What are the 9 symptoms of ADHD?

ADHD symptoms are classified into two types: inattention and hyperactivity-impulsivity. To be diagnosed with ADHD, these symptoms must be persistent, pervasive, and significantly interfere with daily functioning in a variety of settings (e.g., home, school, work). Furthermore, the symptoms must have appeared before the age of 12. The specific symptoms and their severity can vary among individuals and may change over time. Here are the common symptoms of ADHD:

1. Inattention Symptoms:

  • Failing to pay close attention to details or making careless mistakes in schoolwork, work, or other activities.
  • Having difficulty sustaining attention in tasks or play activities, such as listening to lectures, conversations, or lengthy reading.
  • Struggling to follow through on instructions, often leading to incomplete schoolwork, chores, or duties in the workplace.
  • Being disorganized and having trouble with time management and planning.
  • Avoiding or disliking tasks that require sustained mental effort.
  • Frequently losing items necessary for tasks or activities, such as school supplies, keys, or wallets.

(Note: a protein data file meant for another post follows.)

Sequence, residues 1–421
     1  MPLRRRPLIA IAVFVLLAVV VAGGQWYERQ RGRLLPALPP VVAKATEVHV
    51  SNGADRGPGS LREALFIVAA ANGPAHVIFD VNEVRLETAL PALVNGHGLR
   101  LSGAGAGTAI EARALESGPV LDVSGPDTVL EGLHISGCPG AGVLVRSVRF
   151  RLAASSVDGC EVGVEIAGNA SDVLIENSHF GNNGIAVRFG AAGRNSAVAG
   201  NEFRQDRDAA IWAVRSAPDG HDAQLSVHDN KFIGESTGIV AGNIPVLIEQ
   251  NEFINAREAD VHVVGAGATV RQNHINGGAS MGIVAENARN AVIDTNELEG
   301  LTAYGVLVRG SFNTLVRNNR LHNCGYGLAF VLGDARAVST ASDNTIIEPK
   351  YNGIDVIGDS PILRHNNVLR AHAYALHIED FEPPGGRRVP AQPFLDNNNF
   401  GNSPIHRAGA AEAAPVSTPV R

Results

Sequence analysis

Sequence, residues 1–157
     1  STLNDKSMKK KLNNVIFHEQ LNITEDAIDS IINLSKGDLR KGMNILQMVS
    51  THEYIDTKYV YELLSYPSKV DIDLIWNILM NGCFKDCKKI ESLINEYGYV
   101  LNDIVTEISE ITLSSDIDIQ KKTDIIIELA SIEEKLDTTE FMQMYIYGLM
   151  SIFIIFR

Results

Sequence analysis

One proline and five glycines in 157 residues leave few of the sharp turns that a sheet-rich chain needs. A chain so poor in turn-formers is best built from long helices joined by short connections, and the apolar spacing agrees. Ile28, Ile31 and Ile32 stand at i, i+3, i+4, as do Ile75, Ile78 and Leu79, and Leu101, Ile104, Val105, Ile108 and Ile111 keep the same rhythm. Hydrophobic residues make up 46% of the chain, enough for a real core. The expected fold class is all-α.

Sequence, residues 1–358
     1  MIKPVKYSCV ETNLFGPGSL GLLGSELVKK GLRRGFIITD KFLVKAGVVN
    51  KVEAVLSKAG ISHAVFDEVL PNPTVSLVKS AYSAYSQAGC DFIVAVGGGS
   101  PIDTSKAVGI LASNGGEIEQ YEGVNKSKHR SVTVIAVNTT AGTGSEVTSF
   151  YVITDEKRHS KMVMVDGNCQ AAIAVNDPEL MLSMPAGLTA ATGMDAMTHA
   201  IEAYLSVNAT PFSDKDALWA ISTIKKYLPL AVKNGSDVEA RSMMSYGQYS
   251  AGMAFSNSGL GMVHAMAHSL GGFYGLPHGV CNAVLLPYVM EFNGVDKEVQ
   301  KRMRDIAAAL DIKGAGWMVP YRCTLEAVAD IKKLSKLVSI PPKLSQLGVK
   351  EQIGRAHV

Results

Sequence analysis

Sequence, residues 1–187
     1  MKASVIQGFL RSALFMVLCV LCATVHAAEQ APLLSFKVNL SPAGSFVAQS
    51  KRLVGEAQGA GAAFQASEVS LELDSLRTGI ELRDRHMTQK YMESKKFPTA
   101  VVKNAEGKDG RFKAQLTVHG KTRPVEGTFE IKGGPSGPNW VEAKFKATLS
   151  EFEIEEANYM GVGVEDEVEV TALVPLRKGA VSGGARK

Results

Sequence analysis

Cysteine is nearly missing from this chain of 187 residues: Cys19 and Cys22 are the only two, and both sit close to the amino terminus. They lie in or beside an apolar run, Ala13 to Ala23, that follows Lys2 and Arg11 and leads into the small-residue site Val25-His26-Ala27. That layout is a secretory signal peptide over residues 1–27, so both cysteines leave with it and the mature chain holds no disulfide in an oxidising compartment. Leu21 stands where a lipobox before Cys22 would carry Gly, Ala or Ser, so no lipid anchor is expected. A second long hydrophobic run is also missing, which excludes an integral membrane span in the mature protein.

• Being easily distracted by unrelated thoughts or external stimuli.
  • Being forgetful in daily activities, such as running errands, returning calls, or keeping appointments.

2. Hyperactivity-impulsivity Symptoms:

  • Fidgeting or squirming in seat frequently.
  • Leaving one’s seat when expected to remain seated (in situations like school or office).
  • Running or climbing in inappropriate situations or feeling restless in adults.
  • Having difficulty playing quietly or engaging in leisure activities quietly.
  • Being “on the go” as if driven by a motor, often excessively talking or blurting out answers before questions have been completed.
  • Having difficulty waiting one’s turn or interrupting or intruding on others (e.g., butting into conversations or games).

ADHD is further categorized into three subtypes based on the predominant symptoms:

  1. Predominantly inattentive presentation (previously called ADD)
  2. Predominantly hyperactive-impulsive presentation
  3. Combined presentation (with both inattentive and hyperactive-impulsive symptoms)

It’s crucial to note that everyone may experience some of these symptoms occasionally, but for a diagnosis of ADHD, the symptoms must be chronic, severe, and disruptive to daily life. If you suspect that you or someone you know may have ADHD, it’s important to seek a comprehensive evaluation by a qualified healthcare professional, psychologist, or psychiatrist to determine an accurate diagnosis and receive appropriate management and support.

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